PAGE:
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Canadian Olympian Andrea Seccafien to debut at Tokyo Marathon

Seccafien has had a tough two years fighting her way back from injuries. Now, she's training on her own and ready to take on the marathon

Andrea Seccafien Photo by: Kevin Morris

After reaching the Tokyo Olympic 5,000m final in 2021, the next two years were a whirlwind for Canadian 10,000m record holder Andrea Seccafien. The 33-year-old suffered a root meniscus tear in early 2022, then a stress fracture in 2023, and at times, contemplated calling it a career to go back to school. She felt like she was missing something and had one final box to check as a runner: the marathon.

“The plan has always been to move up to the marathon,” says Seccafien. “I will be running the Tokyo Marathon on March 3.”

Seccafien told Canadian Running that she wants to be on the Canadian Olympic team for the marathon in Paris: “The Olympic standard [2:26:50] is the goal in Tokyo. I would not be running the marathon if my coach and I did not think it was possible.”

There were a lot of changes for Seccafien last year, who moved from Melbourne, Australia, to Portland, Ore., and back to Melbourne. She left Nike Bowerman Track Club in November 2023 after two years of training under coach Jerry Schumacher. She joined the group with fellow Canadian Lucia Stafford in November 2021 (who also subsequently left the club). 

Seccafien says she left Bowerman on good terms. “It wasn’t anything with Jerry; I just did not have a community in Portland or Eugene,” she says. “My life was in Australia, and not in the U.S.” Seccafien is the ninth woman to leave Bowerman Track Club in the past two years, leaving the team with only two women on their roster, according to their website.

Andrea Seccafien
Andrea Seccafien (right) at the 2023 TD Beach to Beacon 10K road race. Photo: Kevin Morris

When asked about the downfall of the Bowerman team and the timeline around Shelby Houlihan’s doping suspension, Seccafien said that Gabriela DeBues-Stafford was the only athlete who left for that reason specifically: “No one else thought that way about Shelby,” she says. “Everyone in the club has been open with each other’s decision, and I think everyone left for many different reasons.”

“When I joined, I thought running the marathon there would work with Bowerman. Jerry doesn’t have time to coach a marathoner; you’d essentially be training on your own,” says Seccafien. Schumacher took a role with the Oregon Ducks group in Eugene, Ore. (two hours from Portland) while still coaching the Bowerman group. “It’s now a totally different environment than when I joined.”

Since returning to Melbourne, Seccafien has begun working remotely with Canadian physiologist and coach Trent Stellingwerff, who also coaches Olympians Natasha Wodak and DeBues-Stafford. “I wanted to find someone willing to coach me remotely and to give me some stability in my life again,” she says. “Trent calls the shots on mileage, and I just follow his plan. Our training is based more on intensity rather than miles.”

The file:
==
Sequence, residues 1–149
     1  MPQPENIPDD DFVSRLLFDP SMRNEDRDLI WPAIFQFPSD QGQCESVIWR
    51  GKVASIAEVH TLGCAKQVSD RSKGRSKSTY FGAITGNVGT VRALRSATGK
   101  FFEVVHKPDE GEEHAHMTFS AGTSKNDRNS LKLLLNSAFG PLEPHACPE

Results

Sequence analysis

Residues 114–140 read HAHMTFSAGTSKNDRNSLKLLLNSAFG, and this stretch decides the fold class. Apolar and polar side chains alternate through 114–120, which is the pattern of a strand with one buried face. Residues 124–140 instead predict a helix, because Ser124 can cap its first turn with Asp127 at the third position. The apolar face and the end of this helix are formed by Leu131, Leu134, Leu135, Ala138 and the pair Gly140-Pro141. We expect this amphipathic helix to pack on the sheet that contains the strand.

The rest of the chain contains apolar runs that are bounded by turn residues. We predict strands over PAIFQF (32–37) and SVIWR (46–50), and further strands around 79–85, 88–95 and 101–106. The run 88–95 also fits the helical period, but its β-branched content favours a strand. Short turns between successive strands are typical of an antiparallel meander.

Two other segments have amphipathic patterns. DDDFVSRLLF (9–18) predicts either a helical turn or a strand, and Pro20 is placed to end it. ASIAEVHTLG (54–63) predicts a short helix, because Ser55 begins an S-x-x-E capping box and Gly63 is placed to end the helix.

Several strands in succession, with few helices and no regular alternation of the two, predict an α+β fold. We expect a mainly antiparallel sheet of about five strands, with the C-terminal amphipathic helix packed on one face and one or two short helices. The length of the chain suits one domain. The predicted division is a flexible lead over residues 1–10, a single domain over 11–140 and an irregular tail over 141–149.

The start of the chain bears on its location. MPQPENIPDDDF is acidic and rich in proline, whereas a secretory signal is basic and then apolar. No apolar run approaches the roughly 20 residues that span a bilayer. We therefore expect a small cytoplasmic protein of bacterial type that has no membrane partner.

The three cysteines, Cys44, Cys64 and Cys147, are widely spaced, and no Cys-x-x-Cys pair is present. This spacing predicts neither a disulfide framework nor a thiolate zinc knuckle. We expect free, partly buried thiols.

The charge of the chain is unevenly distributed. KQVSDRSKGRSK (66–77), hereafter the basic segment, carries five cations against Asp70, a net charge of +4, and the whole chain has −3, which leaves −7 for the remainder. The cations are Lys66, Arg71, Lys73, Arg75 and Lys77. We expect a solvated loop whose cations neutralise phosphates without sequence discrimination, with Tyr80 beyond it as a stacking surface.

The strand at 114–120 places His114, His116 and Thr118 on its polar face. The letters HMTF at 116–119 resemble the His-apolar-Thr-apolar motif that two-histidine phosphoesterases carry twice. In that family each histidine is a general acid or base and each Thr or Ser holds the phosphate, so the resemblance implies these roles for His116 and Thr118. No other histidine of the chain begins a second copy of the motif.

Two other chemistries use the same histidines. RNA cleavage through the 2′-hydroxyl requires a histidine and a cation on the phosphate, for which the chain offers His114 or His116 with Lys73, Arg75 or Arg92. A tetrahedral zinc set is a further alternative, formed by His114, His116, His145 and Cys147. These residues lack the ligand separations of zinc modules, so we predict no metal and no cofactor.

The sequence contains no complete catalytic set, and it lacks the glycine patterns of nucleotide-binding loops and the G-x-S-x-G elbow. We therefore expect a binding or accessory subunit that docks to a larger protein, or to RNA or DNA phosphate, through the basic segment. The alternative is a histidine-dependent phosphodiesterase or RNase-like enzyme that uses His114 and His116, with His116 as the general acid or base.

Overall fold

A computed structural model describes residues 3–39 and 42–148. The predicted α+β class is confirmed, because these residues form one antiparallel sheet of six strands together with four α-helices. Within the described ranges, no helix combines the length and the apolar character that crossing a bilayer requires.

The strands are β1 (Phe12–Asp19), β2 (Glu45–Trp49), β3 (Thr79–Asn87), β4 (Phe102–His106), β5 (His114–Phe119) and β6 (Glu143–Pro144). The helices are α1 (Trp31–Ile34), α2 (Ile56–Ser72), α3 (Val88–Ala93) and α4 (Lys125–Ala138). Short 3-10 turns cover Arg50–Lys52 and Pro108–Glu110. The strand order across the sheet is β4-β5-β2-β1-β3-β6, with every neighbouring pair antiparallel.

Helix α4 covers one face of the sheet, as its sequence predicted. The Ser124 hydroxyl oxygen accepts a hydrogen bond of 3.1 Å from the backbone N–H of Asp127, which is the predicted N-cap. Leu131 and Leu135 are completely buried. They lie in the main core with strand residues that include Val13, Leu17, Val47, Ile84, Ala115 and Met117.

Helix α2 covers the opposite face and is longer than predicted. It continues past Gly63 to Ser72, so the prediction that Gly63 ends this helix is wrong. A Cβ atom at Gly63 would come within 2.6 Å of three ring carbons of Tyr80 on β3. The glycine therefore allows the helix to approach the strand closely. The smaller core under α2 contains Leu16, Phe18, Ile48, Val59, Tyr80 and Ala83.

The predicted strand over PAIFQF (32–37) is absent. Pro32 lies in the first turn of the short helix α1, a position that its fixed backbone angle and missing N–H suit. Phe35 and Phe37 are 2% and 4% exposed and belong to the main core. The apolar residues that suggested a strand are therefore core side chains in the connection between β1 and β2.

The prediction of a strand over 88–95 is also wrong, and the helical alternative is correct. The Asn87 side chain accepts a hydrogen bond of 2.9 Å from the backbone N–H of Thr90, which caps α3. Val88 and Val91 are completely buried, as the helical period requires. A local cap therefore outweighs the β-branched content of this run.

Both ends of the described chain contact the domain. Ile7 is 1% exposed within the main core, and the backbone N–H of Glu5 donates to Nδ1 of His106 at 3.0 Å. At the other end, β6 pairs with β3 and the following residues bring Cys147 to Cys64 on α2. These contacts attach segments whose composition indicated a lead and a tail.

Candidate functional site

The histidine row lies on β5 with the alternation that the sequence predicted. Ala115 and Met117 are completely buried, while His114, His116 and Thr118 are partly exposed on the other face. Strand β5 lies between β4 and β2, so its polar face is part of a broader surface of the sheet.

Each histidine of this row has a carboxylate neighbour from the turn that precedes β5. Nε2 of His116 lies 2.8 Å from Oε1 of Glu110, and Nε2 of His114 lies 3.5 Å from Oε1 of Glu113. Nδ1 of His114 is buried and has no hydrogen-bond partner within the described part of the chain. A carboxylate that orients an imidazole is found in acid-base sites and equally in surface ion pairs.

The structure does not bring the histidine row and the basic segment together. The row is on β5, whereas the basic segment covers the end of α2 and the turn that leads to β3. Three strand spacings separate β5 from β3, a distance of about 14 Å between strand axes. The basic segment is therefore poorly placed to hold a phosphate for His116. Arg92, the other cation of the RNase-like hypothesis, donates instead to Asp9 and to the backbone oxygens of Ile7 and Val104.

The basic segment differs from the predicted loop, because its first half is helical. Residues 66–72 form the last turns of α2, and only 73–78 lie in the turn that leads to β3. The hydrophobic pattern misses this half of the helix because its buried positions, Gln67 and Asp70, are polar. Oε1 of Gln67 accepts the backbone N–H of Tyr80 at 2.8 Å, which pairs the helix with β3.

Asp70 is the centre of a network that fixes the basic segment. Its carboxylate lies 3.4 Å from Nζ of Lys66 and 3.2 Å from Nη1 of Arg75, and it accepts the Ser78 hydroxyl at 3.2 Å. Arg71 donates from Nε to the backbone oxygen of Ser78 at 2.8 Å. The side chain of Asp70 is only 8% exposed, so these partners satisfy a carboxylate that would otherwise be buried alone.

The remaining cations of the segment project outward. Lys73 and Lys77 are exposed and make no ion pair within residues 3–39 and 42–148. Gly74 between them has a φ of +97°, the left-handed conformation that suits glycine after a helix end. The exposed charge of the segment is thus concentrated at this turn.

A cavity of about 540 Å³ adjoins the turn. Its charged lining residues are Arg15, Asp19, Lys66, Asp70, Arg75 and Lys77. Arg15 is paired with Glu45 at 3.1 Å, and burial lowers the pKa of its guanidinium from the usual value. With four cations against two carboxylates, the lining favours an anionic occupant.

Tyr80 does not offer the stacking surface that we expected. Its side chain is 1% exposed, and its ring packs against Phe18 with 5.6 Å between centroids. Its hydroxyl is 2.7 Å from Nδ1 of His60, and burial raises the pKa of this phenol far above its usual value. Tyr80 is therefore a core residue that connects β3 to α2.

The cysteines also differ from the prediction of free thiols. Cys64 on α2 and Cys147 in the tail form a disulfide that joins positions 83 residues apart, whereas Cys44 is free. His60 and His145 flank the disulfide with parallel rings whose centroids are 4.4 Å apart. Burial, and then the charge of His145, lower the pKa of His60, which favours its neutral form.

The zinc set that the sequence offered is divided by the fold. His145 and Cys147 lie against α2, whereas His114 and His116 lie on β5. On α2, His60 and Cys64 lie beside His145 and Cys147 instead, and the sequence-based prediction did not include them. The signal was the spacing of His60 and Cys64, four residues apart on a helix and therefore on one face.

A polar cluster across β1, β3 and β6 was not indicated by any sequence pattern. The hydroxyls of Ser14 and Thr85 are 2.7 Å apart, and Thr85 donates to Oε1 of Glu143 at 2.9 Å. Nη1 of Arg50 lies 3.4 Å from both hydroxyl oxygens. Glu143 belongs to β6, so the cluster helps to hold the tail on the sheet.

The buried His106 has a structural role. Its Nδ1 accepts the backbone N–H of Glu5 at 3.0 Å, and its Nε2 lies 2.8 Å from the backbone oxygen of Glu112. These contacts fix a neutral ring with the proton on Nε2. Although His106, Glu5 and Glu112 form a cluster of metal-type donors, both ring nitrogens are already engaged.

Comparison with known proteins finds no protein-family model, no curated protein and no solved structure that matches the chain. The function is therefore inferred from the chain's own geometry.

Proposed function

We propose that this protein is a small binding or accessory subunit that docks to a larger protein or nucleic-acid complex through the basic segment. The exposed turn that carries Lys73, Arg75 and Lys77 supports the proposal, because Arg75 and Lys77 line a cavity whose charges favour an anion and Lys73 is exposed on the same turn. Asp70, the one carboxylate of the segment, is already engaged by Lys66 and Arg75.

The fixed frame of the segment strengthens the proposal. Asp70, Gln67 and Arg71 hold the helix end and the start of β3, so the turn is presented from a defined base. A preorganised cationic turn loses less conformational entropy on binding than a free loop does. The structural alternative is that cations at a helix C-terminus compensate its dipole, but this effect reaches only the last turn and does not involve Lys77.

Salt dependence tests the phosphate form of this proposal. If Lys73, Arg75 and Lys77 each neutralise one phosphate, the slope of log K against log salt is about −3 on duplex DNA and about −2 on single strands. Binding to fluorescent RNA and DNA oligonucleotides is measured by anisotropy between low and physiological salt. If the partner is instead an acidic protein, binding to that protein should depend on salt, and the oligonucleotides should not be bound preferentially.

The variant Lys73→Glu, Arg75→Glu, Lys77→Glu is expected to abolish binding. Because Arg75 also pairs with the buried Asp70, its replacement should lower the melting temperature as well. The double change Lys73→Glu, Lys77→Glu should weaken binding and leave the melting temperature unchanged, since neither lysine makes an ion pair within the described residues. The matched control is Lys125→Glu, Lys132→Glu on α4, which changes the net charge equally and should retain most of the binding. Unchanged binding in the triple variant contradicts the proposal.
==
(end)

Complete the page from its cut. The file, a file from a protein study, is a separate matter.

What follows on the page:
Andrea Seccafien
Seccafien competing for Canada at the 2017 World Championships in London. Photo: Claus Andersen

Seccafien says she now does most of her training on her own, with her partner, Jamie, occasionally joining her on the bike. “Like everyone, I’ve started doing double threshold workouts, and Jamie, who’s an exercise physiologist, will test my blood lactate.”

Seccafien told Canadian Running that training has not been easy. “There were a lot of lows. I felt like I had retired at times,” says Seccafien. “I could not put any load on my knee for four months to recover from my meniscus surgery… I could only swim, but could not kick my legs.”

She says it was great when she was finally able to run again, but shortly after, she got a stress fracture –another huge low. “Now, I’m just trying to stay consistent and take things as they come,” she says. Seccafien is seven weeks out from the 2024 Tokyo Marathon, where she will be in the elite field alongside Chicago and London marathon champ Sifan Hassan, whom Seccafien last ran against in the 5,000m final at the Tokyo Olympics (where Hassan won gold).

Eliud Kipchoge and Sifan Hassan will headline 2024 Tokyo Marathon

The Guelph, Ont., native, who has made Melbourne home for the past few years, felt the 2024 Tokyo Marathon was the perfect place to make her debut. “In Tokyo, you know you’re going to be taken care of, which takes out a lot of stress and uncertainty for me,” says Seccafien. With two spots on the Canadian Olympic team for the marathon still open, Seccafien and her coach think she can be wearing a Canadian singlet in Paris.

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